Happiest Season (2020) Review
Updated: Oct 18, 2021
MANY families may be separated due to the current state of the world, but 2020’s annual Christmas blockbuster, Happiest Season, reminds everyone about the importance of connectedness and acceptance during a time we need it most.
Abby (Stewart) is planning to propose to her long-time girlfriend, Harper (Davis), during a first-time meeting with Harper’s family on Christmas morning.
But when Abby learns that Harper has kept their lesbian relationship a secret from her high-class family, she begins to question her true love’s desire for an ever-lasting marriage.
Acclaimed actress Clea DuVall sits in the director’s chair to deliver this Christmas flick, which was heavily advertised as being a romantic comedy to enjoy over the holiday.
Although the film has plenty of humorous scenes to chuckle and smile at, Happiest Season ironically shines brighter during its most pessimistic moments.
Chemistry is absolutely essential to make these emotional scenes work, and Kristen Stewart and Mackenzie Davis have it in spades.
The two leading ladies work tremendously well together, delivering tear-jerking performances during the film’s third act where they open themselves up to one another before inevitably reconciling through tender mannerisms and realistic writing courtesy of DuVall.
Although Stewart and Davis work well together the same cannot be said for Harper’s family who, despite delivering an occasional funny scene, did very little interesting leading up to the inevitable climax.
Harper’s sisters felt like wasted potential throughout, with Mary Holland’s comic-relief character of Jane feeling overbearing at times, and Alison Brie’s Sloane being unbearably petty and unredeemable by the film’s climax.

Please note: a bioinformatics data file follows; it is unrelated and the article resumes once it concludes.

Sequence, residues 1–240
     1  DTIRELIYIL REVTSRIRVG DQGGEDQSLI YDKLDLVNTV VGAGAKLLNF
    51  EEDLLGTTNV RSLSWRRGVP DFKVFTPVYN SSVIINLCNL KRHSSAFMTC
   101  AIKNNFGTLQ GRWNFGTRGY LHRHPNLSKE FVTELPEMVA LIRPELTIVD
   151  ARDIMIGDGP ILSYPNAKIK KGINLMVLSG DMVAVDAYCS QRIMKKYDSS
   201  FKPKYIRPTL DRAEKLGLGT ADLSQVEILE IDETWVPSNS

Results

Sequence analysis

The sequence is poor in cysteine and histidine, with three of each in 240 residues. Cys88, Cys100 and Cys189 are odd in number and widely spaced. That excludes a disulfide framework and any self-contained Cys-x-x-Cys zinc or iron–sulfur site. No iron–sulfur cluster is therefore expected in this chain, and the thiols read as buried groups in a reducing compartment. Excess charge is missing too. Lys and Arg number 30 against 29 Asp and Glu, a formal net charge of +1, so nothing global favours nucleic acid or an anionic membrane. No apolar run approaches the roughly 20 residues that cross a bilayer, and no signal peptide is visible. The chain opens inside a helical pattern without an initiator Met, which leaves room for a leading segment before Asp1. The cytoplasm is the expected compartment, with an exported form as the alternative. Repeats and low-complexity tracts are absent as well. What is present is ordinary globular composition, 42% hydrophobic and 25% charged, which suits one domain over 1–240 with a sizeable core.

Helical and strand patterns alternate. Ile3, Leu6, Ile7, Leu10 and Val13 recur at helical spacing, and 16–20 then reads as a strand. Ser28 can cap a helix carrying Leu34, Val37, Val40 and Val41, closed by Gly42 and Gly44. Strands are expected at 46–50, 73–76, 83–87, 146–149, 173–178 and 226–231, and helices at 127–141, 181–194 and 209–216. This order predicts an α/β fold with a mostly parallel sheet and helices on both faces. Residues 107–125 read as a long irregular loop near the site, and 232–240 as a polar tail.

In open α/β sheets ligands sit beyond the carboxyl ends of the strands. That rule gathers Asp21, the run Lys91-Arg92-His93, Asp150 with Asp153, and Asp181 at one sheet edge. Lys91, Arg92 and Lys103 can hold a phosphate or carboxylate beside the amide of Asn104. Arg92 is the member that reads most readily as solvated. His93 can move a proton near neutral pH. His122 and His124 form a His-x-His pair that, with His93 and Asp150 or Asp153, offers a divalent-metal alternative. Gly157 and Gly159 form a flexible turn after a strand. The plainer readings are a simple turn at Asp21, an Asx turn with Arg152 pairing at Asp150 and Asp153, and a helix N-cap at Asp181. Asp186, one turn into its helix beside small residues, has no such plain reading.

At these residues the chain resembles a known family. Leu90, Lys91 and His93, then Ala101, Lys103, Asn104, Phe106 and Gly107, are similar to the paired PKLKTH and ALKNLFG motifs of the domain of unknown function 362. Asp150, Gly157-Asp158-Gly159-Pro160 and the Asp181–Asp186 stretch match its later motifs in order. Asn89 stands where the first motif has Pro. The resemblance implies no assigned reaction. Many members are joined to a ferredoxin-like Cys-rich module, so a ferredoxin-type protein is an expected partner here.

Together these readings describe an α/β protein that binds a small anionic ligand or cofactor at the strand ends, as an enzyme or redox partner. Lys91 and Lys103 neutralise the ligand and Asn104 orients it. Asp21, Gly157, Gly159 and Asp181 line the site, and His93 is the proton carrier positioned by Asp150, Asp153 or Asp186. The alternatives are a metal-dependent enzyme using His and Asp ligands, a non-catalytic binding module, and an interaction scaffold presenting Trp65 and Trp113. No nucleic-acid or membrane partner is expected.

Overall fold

Aubrey Plaza’s Riley was a much-needed addition to the film, acting as guidance for Abby during her most vulnerable moments. Her addition was a breath of fresh air and never acted like a foil set on destroying Abby’s relationship despite being an ex-girlfriend of Harper.
Audiences seem to be split down the middle with Happiest Season, but one aspect of the movie that all can agree with is its inspiring message to be yourself and never second guess who you are.
Stellar performances by Stewart, Davis and Plaza, as well as uplifting scenes of humour and affection made Happiest Season one of my favourite films of 2020, even causing me to second guess myself during the will-they-won’t-they storyline.
The film stands as a firm reminder to be true to yourself no matter what the world may think of you, and with 2020 causing many families to be separated this Christmas, Happiest Season is a much-watch for anyone still searching for their holiday spirit.